Terry Farrell, Deep Space Nine‘s Dax, was nervous when she got the news that she was to play Jadzia Dax, and sad when the time came for her to leave the show and character behind.
Being offered a strong female character role made it easy to say yes to playing the Trill.
“Everything about how (the creators) described Dax – she lived many lifetimes, she was a science officer, she was a strong female character – all of those things were incredibly appealing about her, especially being in the Star Trek universe,” said Farrell. “It’s as close to a solid job you can get in Hollywood as an actor. All of that was incredibly appealing and very nerve-wracking and exciting. I lost ten pounds between the week I read the first time and the last time out of excitement and nerves. I hardly slept at all. When I got it, I burst into tears, I was so excited.”
At first, Farrell was intimidated by Avery Brooks, but an appeal for help changed that. “During my first scene, I was so incredibly intimated by him,” she said. “I couldn’t top him because he’s so intense. I went up to him on a lighting break and pulled him aside. I had to appeal to his gentler side. I explained to him that I was twenty-eight; I wouldn’t be able to top him; and if he could help me out a little bit so it wouldn’t be so much more glaringly obvious that he was more powerful than I was. He softened and opened up. It was the beginning of a really, nice straight-forward relationship. I really liked working with him very much.”
The Worf/Dax relationship represented an interracial marriage to Farrell, who thought it was very well-written. “It was handled gracefully and crossed barriers,” she said. “(Michael Dorn and I) were friends. Before we did a scene, we were like, ‘Let’s see if we can make something happen here.’ I don’t know if (the creators) let us think we had something to do with it, but we felt like we did. I really, really liked working with Michael.”
Her favorite story though, was that of Lenara and Dax in Rejoined. “For my character, it made most sense since it was already explained I’ve been a man and woman several times,” said Farrell. “Gender wasn’t the issue. For the worm/symbiont, it was a matter of the being it was embodied in. When they approached me about it, it felt quite natural and a giant opportunity to support and be there for people who need people to stand up for them.”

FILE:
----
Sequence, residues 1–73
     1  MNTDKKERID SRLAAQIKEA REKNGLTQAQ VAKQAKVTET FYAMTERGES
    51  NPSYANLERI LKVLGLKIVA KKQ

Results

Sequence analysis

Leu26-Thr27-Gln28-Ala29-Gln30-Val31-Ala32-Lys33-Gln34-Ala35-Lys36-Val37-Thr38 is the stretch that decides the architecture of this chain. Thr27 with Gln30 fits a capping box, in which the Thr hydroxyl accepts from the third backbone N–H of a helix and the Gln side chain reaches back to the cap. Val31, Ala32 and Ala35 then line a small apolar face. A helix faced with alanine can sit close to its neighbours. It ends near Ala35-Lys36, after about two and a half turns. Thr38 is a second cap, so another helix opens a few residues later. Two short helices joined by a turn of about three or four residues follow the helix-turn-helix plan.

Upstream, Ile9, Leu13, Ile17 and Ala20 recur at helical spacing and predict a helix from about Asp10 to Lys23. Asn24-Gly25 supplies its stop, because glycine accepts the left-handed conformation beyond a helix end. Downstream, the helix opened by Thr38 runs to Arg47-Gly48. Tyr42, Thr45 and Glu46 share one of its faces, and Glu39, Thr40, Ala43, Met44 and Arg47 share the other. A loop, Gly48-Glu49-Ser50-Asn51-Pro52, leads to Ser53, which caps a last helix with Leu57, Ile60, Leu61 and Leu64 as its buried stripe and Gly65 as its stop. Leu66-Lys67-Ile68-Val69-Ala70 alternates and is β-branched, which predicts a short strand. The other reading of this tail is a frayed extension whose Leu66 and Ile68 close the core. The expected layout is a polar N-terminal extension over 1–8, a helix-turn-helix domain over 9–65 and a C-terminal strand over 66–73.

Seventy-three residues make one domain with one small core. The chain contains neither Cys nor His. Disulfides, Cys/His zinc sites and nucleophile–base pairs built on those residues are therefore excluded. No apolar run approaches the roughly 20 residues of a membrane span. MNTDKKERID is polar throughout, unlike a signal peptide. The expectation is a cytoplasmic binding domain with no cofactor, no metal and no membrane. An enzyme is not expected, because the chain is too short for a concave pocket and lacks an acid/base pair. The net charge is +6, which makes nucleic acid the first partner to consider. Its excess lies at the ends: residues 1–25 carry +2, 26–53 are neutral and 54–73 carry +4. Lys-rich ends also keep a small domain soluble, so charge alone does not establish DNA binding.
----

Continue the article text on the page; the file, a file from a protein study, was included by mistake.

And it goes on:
“Today, I still get a lot of people thanking me for that, that it gave them strength, and that it made them feel like they weren’t alone, it inspired them to be themselves – all the things I was hoping it would do,” said Farrell. “Not only me, but all the people involved with the show.”
Farrell left Deep Space Nine when her six-year contract was up, but it was not because she wanted more money. She wanted less screen time because she was burning out after six years. But Rick Berman had no interest in working with her on cutting back her appearances; for him it was all or nothing. “I did suggest in the wake of that I could be recurring…not be in every episode,” she explained. “Rick wouldn’t have any of that. It was basically, ‘Here’s the offer. If you want it, sign it. If you don’t, it’s really been nice working with you.’ I went with ‘It’s really been nice working with you’ – I added that because it really sounds nicer. I don’t think Rick was thinking that at all. That was unfortunate.”
Now retired from acting, Farrell is a full-time parent to her son. She still makes convention appearances though, and fondly remembers her Deep Space Nine days. “I’m just so honored that I got to be a part of a group that told a story that made people feel like they were a part of something positive.”